Starting a company can be difficult, lonely work. Founders often don’t have a lot of resources when it comes to mentorship or financing. And scheduling meetings and calls with a seemingly endless stream of investors can be time-consuming, to say the least.

“It tends to be a very isolating process. Your head’s down, you’re working on your thing, and you kind of lose track of what’s going on around you,” said Dave Parker, the founder of several startups and the Seattle Venture Partner of Seven Peaks Ventures.

The lack of resources available to first-time founders is one of the reasons that Parker joined the Washington Technology Industry Association’s recently formed Startup Club, and one of the reasons he decided to serve as the chair of the Startup Club’s Founder Cohort mentorship program committee that launches this fall.

Through the end of August, WTIA is accepting applications to join a year-long cohort of 24 seed-stage startups, all of which will receive access to networking opportunities; connections with experienced founders, law firms, accounting firms, HR firms, and recruiting firms; and other mentorship and support.

Qualified companies will have a co-founder or team, a product at the “minimum viable product” stage, revenue of less than $1 million annually, and be based in Washington state.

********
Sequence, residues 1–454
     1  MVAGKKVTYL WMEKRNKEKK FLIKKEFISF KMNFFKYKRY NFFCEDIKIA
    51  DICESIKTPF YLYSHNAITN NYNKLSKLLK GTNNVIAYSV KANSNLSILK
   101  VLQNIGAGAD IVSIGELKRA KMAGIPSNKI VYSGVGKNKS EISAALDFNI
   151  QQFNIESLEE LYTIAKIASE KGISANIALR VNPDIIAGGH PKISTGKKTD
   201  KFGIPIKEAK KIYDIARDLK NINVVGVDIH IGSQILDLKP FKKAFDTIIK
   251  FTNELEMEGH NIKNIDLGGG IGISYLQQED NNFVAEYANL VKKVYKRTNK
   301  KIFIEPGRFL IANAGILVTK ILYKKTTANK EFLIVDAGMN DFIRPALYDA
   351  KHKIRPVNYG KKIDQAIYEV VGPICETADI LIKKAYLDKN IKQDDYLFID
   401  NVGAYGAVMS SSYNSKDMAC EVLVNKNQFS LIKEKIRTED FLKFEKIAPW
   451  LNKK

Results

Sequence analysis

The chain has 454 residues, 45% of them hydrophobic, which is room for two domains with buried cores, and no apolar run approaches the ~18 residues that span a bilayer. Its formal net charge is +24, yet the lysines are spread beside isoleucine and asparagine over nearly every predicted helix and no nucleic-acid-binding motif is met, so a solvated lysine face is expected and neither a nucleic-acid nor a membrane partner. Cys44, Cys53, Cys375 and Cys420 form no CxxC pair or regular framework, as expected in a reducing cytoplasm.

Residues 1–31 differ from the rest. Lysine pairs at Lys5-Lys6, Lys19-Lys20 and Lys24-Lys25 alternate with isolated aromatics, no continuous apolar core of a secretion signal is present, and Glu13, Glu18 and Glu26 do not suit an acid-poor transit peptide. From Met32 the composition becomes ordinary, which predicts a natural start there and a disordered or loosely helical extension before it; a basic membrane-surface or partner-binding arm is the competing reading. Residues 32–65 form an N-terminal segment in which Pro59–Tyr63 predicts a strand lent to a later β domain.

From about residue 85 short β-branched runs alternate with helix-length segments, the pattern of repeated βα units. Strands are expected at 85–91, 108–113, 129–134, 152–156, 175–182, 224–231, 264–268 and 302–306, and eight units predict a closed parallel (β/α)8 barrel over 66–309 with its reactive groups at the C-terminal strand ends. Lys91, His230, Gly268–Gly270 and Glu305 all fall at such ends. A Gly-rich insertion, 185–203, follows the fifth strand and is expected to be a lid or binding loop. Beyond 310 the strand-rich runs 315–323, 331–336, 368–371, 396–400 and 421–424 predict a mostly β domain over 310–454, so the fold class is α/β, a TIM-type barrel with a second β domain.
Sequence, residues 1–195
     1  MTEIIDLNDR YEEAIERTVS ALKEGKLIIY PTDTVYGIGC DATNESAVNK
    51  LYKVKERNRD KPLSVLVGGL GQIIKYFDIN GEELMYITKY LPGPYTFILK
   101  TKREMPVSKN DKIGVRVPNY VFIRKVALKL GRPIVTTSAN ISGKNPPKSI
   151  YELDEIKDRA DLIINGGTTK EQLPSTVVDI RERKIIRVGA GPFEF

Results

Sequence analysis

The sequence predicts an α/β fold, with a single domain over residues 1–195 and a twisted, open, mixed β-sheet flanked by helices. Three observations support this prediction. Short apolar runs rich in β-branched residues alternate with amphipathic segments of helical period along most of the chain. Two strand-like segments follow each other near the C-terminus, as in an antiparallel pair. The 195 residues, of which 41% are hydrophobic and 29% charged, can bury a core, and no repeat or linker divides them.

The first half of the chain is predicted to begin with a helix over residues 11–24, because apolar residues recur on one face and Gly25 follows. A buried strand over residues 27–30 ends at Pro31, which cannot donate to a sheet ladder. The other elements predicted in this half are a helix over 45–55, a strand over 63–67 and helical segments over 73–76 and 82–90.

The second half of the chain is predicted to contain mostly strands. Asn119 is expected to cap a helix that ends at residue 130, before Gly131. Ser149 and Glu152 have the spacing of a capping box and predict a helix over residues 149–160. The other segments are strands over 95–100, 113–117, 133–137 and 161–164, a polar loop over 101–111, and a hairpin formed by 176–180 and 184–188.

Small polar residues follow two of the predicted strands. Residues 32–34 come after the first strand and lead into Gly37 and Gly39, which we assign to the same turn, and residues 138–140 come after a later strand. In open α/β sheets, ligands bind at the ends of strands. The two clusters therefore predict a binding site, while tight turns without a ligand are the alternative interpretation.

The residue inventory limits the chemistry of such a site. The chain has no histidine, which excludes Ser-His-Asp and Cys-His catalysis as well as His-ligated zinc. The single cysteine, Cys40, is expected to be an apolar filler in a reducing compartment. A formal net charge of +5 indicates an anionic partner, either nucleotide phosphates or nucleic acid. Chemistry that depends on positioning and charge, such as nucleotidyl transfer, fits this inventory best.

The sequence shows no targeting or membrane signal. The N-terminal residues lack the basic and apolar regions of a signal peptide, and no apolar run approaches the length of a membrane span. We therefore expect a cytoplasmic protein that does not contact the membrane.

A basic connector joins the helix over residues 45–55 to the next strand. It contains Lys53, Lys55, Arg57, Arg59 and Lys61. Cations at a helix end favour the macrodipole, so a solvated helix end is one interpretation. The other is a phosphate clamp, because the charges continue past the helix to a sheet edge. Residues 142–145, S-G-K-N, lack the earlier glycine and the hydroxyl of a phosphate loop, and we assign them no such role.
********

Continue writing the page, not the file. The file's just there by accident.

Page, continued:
The startups will be chosen next month, and the cohort will kick off with a two-day boot camp event in October. According to Parker, more than 35 applications have been received so far.

Admission to both the cohort, for the lucky 24, and to the Startup Club, which is open to all startup companies, is free. “There’s no equity. There’s no cost. The only expectation is that they continue to pay it forward and support the ecosystem,” Parker said. “We invest in (founders) when they can’t afford to pay us anything. … We know in five years it’s going to pay off in a huge way. It’s not a quick hit. But honestly that’s one of the things that Seattle needs.”

One major aim of the program, aside from helping individual companies, is to push the Seattle-area startup community into becoming more global.

“The goal of the program is really to help Seattle play bigger,” Parker said. “We have a chip on our shoulder that we’re not Silicon Valley.”

Following its reputation of advocating for inclusion and diversity, WTIA is encouraging applications from companies outside what many might think of as the typical startup world.

“We come from a history of bro culture, regretfully,” Parker said. “White dudes named Dave get more venture capital than women.” By partnering with groups like the Seattle-based Female Founders Alliance, WTIA hopes to continue to rectify that disheartening fact, and reach companies who might not otherwise apply.

Find out more information about WTIA’s Startup Club, and submit an application to join the Founder Cohort here.